Two, the author seems to suggest Indonesia experienced an infrastructure-induced fiscal crisis during the AFC: “ambitious state-led infrastructure development…that turned into a regime-crippling liability”. This is incorrect. In fact, the massive increase in government debt followed the onset of the crisis and came from the cost of rescuing virtually the entire banking sector. Prior to the crisis public debt-to-GDP was a barely over 20%. Instead, Indonesia experienced a banking crisis brought on by the depreciation of the rupiah – first, from regional contagion effects, and then through the combined effects of an ill-advised central bank attempt to deal with the malfunctioning intra-bank market without also controlling the money supply along with concerns about the policy response and the future prospects for the regime (leading more investors and Indonesian corporates to flee the rupiah). This, along with massive intra-group lending at many major banks, created a cycle of losses and bank runs that got out of control.

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  2. James Guild

    Hi Mathew, thanks for your comments and feedback!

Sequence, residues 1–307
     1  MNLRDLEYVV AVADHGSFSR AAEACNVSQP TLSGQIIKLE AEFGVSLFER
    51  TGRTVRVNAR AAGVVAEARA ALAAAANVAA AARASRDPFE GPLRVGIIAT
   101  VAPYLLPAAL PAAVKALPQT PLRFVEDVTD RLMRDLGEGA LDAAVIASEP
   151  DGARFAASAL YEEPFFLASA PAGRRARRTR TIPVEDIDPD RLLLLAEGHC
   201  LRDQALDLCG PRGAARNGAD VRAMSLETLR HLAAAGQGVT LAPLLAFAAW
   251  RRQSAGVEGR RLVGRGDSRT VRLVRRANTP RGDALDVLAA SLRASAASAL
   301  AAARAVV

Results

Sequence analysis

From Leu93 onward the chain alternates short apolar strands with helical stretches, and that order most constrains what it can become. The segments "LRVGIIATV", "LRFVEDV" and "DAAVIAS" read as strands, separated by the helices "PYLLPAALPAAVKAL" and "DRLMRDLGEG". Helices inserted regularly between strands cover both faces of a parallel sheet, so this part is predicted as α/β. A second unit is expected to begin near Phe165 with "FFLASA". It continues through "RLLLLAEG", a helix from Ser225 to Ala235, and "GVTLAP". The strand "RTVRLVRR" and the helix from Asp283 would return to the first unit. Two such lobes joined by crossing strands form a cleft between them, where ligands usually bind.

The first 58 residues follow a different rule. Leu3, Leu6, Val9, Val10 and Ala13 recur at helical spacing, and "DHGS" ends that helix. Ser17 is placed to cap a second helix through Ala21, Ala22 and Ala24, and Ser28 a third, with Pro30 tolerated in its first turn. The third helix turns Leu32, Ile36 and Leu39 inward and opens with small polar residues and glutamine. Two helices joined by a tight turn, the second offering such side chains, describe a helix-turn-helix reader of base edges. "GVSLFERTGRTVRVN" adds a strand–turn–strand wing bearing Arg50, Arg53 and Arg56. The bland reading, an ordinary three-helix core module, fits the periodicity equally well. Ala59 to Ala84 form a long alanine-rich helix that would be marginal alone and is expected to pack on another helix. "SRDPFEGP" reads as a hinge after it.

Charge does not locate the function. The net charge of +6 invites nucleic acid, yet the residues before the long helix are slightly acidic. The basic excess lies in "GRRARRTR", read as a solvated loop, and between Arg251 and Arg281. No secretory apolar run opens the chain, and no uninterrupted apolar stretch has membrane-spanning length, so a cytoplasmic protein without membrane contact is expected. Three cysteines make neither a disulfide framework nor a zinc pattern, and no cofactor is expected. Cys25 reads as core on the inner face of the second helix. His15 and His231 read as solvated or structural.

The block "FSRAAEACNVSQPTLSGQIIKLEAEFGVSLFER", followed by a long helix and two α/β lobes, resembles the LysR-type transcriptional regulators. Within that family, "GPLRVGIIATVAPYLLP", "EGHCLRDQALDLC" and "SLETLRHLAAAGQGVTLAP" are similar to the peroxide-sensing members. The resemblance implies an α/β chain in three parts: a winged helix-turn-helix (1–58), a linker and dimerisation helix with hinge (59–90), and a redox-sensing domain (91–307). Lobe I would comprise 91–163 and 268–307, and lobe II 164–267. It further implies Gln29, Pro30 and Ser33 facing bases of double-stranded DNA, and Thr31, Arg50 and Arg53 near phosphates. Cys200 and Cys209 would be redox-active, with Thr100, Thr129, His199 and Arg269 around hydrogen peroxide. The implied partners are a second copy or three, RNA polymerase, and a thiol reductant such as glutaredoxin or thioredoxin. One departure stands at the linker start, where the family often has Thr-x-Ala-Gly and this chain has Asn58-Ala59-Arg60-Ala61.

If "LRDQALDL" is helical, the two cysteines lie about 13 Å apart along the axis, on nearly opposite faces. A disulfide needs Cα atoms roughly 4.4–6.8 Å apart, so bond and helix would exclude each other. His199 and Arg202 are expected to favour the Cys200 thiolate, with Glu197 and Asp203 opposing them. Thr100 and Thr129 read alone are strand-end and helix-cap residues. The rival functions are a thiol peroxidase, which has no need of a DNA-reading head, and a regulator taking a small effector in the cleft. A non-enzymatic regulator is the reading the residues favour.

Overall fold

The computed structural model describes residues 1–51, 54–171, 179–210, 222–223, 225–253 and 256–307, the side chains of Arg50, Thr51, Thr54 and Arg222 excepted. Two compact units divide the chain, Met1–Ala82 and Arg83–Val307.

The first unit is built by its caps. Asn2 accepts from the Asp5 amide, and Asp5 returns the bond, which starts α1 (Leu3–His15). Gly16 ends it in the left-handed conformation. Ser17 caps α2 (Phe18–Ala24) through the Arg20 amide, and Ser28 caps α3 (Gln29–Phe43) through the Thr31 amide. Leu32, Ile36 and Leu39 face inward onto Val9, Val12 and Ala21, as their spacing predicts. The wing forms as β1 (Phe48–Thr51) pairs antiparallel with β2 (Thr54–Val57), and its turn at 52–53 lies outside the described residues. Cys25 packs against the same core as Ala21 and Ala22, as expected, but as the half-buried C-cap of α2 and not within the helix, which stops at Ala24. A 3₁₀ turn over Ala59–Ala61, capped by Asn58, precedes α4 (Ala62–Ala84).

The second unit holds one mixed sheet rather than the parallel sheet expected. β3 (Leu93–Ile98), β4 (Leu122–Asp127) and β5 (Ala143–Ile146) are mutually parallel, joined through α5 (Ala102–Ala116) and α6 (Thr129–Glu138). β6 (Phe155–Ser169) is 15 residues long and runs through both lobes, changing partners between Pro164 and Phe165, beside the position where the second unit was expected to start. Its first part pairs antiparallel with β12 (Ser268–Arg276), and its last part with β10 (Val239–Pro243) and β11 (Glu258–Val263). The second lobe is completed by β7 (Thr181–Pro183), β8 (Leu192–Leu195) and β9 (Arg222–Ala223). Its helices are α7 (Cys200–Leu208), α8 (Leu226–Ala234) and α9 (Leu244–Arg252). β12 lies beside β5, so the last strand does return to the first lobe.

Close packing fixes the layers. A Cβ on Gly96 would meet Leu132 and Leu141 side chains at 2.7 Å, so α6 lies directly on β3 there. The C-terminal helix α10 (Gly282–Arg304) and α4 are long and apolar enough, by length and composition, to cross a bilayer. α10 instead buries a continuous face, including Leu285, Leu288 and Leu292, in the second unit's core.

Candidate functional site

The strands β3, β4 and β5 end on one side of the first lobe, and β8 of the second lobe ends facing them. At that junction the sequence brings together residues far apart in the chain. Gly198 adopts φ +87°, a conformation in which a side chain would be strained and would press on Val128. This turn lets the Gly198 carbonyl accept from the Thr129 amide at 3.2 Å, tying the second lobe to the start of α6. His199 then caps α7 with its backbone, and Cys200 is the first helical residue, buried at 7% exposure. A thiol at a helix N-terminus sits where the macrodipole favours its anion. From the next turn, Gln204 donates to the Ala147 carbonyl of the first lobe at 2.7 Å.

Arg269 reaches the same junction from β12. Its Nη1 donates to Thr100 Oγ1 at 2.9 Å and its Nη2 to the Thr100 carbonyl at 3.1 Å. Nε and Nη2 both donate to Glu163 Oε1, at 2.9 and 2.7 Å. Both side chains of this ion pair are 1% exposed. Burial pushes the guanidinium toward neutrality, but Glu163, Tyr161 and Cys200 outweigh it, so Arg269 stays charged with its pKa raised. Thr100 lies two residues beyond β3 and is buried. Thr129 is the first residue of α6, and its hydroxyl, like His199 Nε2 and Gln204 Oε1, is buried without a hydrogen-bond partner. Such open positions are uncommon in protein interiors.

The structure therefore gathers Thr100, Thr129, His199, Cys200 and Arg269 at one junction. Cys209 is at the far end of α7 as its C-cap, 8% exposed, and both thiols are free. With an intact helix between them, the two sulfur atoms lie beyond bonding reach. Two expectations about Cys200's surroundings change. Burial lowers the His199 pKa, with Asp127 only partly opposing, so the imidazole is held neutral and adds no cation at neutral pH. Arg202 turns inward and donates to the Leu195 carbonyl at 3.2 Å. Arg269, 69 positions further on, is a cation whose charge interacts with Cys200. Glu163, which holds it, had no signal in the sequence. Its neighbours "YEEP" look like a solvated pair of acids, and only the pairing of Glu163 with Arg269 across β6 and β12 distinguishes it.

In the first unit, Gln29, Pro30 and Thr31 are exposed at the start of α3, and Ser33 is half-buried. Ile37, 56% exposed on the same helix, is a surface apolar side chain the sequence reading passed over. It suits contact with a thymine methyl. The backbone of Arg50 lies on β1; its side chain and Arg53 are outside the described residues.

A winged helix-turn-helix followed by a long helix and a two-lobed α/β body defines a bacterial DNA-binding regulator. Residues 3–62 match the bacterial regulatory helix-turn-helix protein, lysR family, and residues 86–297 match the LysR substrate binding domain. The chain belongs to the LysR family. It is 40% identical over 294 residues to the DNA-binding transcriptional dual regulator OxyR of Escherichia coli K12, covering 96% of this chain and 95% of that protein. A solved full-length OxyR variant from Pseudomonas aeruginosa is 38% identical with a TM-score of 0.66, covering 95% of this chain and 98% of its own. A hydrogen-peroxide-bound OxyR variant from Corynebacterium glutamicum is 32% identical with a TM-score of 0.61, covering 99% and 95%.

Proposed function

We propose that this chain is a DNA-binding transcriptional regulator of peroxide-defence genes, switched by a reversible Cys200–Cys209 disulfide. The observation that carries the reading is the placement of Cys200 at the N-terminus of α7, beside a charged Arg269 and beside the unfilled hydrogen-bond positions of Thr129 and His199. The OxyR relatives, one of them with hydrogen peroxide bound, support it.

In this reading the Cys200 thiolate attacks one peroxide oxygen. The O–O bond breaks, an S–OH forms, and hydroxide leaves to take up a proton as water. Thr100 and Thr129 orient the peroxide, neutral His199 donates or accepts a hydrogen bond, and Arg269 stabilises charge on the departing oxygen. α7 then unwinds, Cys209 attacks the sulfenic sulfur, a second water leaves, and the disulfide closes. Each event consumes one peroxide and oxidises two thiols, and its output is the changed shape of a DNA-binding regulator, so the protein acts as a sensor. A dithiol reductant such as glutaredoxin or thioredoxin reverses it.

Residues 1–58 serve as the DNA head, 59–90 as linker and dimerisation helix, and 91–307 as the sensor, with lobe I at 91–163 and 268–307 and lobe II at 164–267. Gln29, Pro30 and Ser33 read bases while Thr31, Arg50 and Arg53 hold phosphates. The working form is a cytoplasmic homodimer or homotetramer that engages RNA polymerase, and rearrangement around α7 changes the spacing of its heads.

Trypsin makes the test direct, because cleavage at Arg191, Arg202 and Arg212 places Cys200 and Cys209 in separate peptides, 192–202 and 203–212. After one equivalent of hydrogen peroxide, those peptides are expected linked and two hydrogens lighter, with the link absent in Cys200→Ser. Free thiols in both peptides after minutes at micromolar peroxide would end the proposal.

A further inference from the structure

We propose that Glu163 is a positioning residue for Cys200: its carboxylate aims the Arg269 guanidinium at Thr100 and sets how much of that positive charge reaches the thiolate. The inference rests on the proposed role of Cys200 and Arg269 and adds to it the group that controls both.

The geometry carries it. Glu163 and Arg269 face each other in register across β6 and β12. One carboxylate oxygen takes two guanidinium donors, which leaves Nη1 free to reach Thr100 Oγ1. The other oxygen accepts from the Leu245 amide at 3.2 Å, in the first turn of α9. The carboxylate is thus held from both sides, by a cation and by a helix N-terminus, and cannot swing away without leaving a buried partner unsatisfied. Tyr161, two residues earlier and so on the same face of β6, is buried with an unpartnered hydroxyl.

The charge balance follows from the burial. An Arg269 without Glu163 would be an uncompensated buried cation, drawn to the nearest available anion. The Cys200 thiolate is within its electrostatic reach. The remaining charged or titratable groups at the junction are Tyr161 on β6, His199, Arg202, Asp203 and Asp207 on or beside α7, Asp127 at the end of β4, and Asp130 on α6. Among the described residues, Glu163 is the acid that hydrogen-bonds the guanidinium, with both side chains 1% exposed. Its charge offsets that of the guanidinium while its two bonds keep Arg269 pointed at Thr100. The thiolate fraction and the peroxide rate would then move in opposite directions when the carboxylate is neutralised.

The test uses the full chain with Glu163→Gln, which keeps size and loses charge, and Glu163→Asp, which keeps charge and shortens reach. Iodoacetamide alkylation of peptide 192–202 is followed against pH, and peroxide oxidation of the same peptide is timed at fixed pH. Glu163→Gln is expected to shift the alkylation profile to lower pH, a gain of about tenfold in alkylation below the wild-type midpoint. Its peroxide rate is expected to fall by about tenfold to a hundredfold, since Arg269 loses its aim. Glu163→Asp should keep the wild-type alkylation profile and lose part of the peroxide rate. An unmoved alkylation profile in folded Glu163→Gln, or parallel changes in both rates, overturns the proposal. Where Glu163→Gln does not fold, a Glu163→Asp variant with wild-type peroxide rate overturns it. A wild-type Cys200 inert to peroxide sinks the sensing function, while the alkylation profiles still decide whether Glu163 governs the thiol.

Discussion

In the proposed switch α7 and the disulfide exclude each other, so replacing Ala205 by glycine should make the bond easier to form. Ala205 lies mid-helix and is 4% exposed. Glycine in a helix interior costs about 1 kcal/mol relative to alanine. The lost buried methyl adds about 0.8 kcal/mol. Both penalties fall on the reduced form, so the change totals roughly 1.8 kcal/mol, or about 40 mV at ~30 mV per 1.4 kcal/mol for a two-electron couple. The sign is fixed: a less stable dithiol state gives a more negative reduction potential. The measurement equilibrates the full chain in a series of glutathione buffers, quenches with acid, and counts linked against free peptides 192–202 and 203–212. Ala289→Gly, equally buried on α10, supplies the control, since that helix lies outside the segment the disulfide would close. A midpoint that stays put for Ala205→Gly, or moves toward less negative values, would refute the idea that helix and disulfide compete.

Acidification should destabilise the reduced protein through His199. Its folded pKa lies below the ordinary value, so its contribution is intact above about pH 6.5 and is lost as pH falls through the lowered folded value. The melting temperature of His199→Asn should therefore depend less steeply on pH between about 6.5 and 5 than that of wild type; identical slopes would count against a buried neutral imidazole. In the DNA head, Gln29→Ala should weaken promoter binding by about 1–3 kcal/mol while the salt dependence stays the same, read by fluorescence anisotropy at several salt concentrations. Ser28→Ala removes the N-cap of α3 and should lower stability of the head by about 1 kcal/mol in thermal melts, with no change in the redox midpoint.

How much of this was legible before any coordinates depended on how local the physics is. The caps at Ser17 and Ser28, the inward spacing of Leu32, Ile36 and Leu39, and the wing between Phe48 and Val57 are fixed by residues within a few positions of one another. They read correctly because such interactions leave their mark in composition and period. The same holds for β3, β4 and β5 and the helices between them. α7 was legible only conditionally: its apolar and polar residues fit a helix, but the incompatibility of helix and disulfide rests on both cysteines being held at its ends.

1. Point taken. The difference between how PLN purchases energy from renewable and thermal sources could be clarified with more precision. However, based on my analysis of last year’s barrage of new regulations the main point is still the same: PLN is trying to hold down costs for power it purchases from both renewable and thermal IPPs which is not very compatible with adding capacity at the scale they’ve been talking about.

    2. I didn’t mean to imply that state-led infrastructure development caused Indonesia’s financial crisis. However, once the value of the rupiah fell, the way in which the New Order had designed and implemented its infrastructure development efforts exposed it to a great deal of financial liability and that certainly exacerbated the situation and contributed to the regime’s ouster. PLN was loaded up with financial liabilities, including purchase agreements that it had signed with a bunch of foreign IPPs, denominated in dollars that it couldn’t pay. They’ve not really taken too many steps to prevent that from happening again, although a rupiah-denominated global bond issue might help hedge some risk. The main point is not that PLN’s debt did or will precipitate a fiscal crisis, but to note that if there is a crisis of some kind they are still exposed to many of the same weaknesses that existed in the 90s.